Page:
In this third of a series of four blogs about WTN’s 2014 Disruptive Healthcare Conference (DHC), I’ll focus on three disruptive innovation waves reshaping healthcare. These innovations could lead to better care for less cost. But will they happen fast enough to allow us to channel wasteful healthcare spending into efforts that would make our economy more competitive globally?
New reimbursement models and incentives
Slowly but surely, payers are adopting new approaches for reimbursing providers. One is pay-for-performance (e.g., Medicare won’t reimburse hospitals for avoidable re-admissions). Another is making providers financially accountable for a population’s healthcare (e.g., Accountable Care Models, introduced in Obama’s far reaching reform). These new models create financial incentives to keep people healthy, surface health issues earlier, move care to less-expensive settings, and avoid unnecessary tests and procedures. In addition, Obama reforms preclude insurers from kicking out the chronically ill, closing the door to individuals with preexisting conditions and capping payments; these limits increase insurers’ focus on health versus merely picking risks wisely.
Another incentive change comes from businesses shifting costs onto employees. Is this wise or have we gone to far? Wall Street DHC speakers noted high deductibles and out-of-pocket limits, coupled with software that helps hospitals ID patients posing payment risks, lead even insured patients to delay procedures. I think employers would be far wiser to push insurers away from fee-for-service and give employees positive incentives to to be smarter shoppers, as Serigraph in Milwaukee models. The big buyers in any market have more market power: so why make the individual consumer the only force of market change?
New business models
With all the inefficiency built into our healthcare system, Wall Street sees big bucks according the its representatives on the panels. John Byrnes, CEO of Mason Wells, a private equity firm in Milwaukee, offered the most astute insights into why Wall Street is interested.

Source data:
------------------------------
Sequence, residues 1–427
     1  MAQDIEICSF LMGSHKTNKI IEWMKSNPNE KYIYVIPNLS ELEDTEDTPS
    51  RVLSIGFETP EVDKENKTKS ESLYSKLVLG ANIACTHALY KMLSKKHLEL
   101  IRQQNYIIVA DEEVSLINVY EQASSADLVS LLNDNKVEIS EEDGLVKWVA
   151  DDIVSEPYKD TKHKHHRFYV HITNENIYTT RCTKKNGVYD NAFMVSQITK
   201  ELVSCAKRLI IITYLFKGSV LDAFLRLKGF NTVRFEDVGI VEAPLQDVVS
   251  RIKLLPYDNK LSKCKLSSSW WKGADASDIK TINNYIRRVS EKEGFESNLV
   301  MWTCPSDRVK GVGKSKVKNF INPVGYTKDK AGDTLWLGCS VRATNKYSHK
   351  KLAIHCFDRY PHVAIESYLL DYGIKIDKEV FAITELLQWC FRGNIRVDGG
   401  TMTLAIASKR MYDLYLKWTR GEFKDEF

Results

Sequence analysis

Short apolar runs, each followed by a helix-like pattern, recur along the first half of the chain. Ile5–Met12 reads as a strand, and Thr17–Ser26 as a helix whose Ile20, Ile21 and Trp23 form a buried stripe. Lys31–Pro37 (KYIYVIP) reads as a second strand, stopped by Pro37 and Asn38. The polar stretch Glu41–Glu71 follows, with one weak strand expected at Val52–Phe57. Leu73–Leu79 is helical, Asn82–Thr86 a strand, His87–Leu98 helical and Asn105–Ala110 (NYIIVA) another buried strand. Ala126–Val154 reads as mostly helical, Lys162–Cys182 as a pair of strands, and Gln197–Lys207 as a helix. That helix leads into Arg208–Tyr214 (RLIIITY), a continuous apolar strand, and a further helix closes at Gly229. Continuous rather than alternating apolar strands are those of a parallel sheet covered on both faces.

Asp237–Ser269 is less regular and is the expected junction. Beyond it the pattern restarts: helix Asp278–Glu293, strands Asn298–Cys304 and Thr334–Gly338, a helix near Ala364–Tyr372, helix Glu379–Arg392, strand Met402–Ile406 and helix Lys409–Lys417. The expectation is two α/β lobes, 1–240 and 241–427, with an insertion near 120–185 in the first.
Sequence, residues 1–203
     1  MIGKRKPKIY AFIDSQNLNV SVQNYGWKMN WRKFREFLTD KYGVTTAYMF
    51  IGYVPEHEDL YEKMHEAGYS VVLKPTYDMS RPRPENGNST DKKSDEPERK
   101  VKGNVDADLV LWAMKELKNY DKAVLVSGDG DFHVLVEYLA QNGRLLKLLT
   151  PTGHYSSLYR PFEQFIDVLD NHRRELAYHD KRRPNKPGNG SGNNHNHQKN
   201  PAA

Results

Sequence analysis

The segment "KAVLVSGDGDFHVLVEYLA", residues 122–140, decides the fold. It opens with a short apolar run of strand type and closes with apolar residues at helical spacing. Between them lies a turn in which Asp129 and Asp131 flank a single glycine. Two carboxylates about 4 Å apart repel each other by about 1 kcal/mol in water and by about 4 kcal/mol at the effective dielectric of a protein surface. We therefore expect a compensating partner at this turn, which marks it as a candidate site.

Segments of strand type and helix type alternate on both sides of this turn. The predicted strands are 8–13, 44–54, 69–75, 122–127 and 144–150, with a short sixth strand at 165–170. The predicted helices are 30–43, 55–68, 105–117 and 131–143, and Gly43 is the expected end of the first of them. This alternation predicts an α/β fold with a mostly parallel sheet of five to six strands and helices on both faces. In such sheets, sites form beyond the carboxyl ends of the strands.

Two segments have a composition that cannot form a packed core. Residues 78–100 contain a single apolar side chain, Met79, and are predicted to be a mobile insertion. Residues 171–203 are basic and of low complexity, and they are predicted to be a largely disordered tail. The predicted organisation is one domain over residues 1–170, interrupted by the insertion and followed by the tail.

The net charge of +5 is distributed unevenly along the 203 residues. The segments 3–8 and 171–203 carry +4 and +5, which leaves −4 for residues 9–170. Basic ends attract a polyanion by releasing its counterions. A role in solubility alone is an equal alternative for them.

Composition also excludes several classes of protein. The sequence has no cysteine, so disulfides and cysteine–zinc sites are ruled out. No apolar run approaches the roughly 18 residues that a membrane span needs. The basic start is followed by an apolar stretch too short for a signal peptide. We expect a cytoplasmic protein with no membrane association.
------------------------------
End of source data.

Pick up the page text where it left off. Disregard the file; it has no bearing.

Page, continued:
First, he anticipates that real estate investment trusts (REITS) will take over the real estate capital requirements of providers. This would change the financial driver of most hospitals from building cash to securing a large enough population to achieve economies of scale with IT, big data, care coordination solutions, and advanced analytics.
In Byrnes’s outlook, changes in payment incentives will force providers to give up the idea of being all things to all people. Narrow-breadth and low-cost procedures (camp physicals, vaccines) will be done by the retail clinics of the economy, such as Walgreen’s. Niche specialists (e.g., cancer, heart, and dialysis centers) will claim more market share by offering efficient, high-quality specialized care. Lower-cost broad-offering systems, like Aurora Health Care in SE Wisconsin, will gain market share from smaller systems, while broad systems that include medical schools will offer higher-end (more costly) comprehensive care.
Byrne’s own view is that the best model will combine clinical, public health and life science research within one entity and be regional in scope. “These elements cannot be separated as has been done in the past,” he said. “The action is in the overlap. Healthcare IT will drive change and the organizations that invest in it will be the winners, much as happened in banking.” In his view it’s time to “get the bean-counters out of managing providers as they do not understand that the key to success is leveraging the scarce resource – the healthcare professionals – through superior information systems.”
From my perspective it will be interesting to see if Walgreen’s and Walmart will broaden their services. Who knew Walmart would emerge as a leading grocer? Walgreen’s has a new alliance with a hugely disruptive lab testing company. And Mayo Clinic exists far beyond Rochester, Minnesota. Might today’s local and regional markets become national?
Jeff Sahrbeck, managing director of Ponder & Company, argues that in most markets the top 5 players have 50-70% of the market but in healthcare it’s only 7%. “The issue is hospitals are viewed as community assets and not a business,” he said, “so a lot of them will have to fail for consolidation to occur.”
The Internet of Things is nowhere more evident than in the healthcare system, where financial payback may be high. An enormous investment has been made in electronic health records, and now it’s time to put the data to use in real time by extracting usable clinical insight, the subject of my last blog in this series.
The innovations look promising for sure but will they squeeze waste from the system? Jeffrey Grossman, CEO of the UW Medical Foundation thinks not. “There is a huge gap between rhetoric and reality. We just keep making more and more money. Where are the levers for significant change? Insurers are still interested in paying us as fee-for-service.” In his view, if providers are paid for health they will re-conceptualize what they are about to advance health versus procedures.
Unfortunately we’re stuck in a quicksand of our own making as long as government fails to fully wield its power as the largest payer, employers merely shift costs to employees, and insurers make their margin on the total volume of medical spending versus improving a population’s health.
Aurora Health Care reported that of its 2 million patients, it is financially at risk for the health care spending of less than 5% (95,000 lives). That’s a measure of how far we have to travel.